Top Eleven managers watching this weekend’s clash between Manchester United and Liverpool will likely see two very different tactical set-ups: Jurgen Klopp’s renowned high-intensity Gegenpressing and Louis van Gaal’s methodical possession football.
Intriguingly, the match sees the two men reignite their rivalry from when they managers in Germany, van Gaal at Bayern Munich and Klopp at Borussia Dortmund.
But who would make it into a combined Liverpool FC – Manchester United 11, and which tactics would you use?
Here at Top Eleven, we’ve had our say…
Perhaps appropriately, the preferred system for our combined Liverpool-Manchester United 11 would be a compromise between the two managers’ styles.
As the team has a high level of technical ability but lacks true pace on the wings, we would prioritise possession football.
However, we would seek to combine this with high-intensity pressing, followed by quick counter-attacks when the ball is won high up the field, utilising the incisive creative abilities of Wayne Rooney, Philippe Coutinho and Juan Mata. As 20% of goals scored in the Champions League last year were from counter attacks, it would be a mistake not to try to include some…
First off, David De Gea would start in goal. His consistent form over the past two seasons has put him right up with the best goalies in the world. He is also good with the ball at his feet, ideal for possession football.
In central defence, Chris Smalling and Martin Skrtel would be preferred due to their good form and physicality. They are also mobile enough to deal with pacy forwards.
They would be flanked on either side by two Liverpool players, Alberto Moreno, at left back, and Nathanial Clyne, at right back. They were picked for their attacking ability and speed down the wings. If Luke Shaw were fit, he would probably have had the edge for the left back slot.
Morgan Schneiderlin would be called in to aid with the defensive work in midfield, protecting the two centre backs. This is particularly important when the two full-backs are marauding further up the pitch, and he might be required to slot in almost as a third central defender, reminiscent of Barcelona’s deployment of Sergio Busquets during the Guardiola era. The Frenchman is in excellent form this year, demonstrated by United’s improved win ratio when he is in the team. He provides calmness, good passing ability and great defensive awareness.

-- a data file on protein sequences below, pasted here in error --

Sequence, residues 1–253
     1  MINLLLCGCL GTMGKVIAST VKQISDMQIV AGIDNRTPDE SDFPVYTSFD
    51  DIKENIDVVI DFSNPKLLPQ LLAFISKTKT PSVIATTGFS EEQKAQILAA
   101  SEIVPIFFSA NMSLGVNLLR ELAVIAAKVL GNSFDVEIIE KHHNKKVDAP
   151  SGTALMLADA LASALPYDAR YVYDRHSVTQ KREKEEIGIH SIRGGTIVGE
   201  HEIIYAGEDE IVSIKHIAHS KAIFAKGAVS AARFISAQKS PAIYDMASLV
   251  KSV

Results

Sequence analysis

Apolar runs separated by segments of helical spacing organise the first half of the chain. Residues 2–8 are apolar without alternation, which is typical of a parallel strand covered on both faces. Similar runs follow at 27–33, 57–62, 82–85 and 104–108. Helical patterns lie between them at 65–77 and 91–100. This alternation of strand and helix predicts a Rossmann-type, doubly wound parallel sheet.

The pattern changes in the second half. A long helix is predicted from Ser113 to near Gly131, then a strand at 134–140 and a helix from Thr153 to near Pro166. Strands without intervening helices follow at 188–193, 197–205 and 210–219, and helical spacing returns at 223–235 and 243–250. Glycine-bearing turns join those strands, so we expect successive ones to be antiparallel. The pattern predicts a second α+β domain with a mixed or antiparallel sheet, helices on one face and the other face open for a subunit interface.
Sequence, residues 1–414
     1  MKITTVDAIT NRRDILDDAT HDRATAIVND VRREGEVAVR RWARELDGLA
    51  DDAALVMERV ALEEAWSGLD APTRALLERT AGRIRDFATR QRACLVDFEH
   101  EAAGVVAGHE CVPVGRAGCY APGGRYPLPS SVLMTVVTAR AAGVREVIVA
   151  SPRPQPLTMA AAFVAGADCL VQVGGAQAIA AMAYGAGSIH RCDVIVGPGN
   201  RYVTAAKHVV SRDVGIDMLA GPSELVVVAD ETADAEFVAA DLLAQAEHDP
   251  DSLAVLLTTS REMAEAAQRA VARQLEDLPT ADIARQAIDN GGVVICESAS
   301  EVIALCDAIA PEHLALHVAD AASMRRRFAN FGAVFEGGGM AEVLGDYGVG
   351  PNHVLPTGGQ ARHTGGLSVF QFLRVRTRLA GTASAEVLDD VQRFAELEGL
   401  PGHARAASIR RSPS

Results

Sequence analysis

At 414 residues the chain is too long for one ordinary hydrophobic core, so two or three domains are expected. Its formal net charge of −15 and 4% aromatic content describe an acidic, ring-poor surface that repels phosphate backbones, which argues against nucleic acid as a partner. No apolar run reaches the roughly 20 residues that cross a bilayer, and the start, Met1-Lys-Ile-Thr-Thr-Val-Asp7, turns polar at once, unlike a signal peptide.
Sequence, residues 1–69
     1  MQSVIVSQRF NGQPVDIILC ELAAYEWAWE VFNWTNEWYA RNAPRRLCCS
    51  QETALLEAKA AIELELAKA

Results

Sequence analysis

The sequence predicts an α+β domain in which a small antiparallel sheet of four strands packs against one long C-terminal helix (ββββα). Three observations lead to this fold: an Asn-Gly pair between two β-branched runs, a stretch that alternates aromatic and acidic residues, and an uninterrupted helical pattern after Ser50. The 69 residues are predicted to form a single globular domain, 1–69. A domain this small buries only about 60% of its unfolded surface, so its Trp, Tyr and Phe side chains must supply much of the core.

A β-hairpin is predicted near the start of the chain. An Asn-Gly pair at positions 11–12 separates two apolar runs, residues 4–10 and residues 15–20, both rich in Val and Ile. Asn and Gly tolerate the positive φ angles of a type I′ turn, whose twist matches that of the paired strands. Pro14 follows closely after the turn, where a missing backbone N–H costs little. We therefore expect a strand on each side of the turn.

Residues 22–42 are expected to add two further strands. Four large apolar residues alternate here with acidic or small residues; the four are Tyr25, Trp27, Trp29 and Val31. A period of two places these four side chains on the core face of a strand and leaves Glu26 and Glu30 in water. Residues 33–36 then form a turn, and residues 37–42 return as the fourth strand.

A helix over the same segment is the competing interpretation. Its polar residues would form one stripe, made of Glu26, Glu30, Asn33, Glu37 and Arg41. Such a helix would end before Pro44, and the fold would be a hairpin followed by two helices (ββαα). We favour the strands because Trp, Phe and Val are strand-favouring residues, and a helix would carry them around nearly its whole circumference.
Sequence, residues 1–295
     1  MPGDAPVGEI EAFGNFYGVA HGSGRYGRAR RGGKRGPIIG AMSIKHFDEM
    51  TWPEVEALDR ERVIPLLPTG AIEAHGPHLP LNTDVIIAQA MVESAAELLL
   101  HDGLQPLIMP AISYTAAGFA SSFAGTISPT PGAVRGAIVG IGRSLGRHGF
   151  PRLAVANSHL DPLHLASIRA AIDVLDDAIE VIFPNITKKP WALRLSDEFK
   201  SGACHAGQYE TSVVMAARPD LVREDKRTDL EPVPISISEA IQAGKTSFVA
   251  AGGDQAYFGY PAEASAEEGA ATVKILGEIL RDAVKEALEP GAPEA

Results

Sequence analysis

Alongside Schneiderlin, Henderson would operate in a slightly more advanced position, contributing his passing ability and dynamism to the attacking play, while providing further cover when the team is out of possession.
Perhaps the most controversial choice, Mata and Coutinho are asked to play in wide positions, though they are more renowned for their exploits in central attacking-midfield.
Chosen for their creative abilities, this system allows them to drift into central areas and create chances for the two experienced front men. The set-up also allows them to cut inside and take shots on goal with their favoured left and right foot, respectively. As wingbacks, Moreno and Clyne provide the necessary balance, with width and speed down the flanks.
Despite his inconsistent form this year, Rooney is chosen in the ‘number 10’ position. Playing in this deeper role allows the United forward to participate more in the build up in midfield, in addition to providing support for the most advanced forward, Christian Benteke. Benteke is expected to contribute goals, using his excellent shooting and heading ability to convert chances provided by his teammates.
Bench: Mignolet, Blind, Young, Schweinsteiger, Llalana, Martial
On the bench, Simon Mignolet would get the nod as second-choice goalkeeper.
The rest of the substitutes have been chosen largely for their versatility. Blind is comfortable in central defence, at left back and in defensive midfield. Young can play in either fullback position and in either of the more advanced wing roles. Adam Llalana can operate on either wing, his entrance onto the field perhaps allowing either Coutinho or Mata to switch to a more central position. Similarly, Martial can provide pace on either wing and he can also play as an out and out ‘number 9’.
Bastian Schweinsteiger has been selected to be on the bench for his experience and his ability to execute excellent possession football as well as to break up opposition attacks, useful when the team has a lead to protect.
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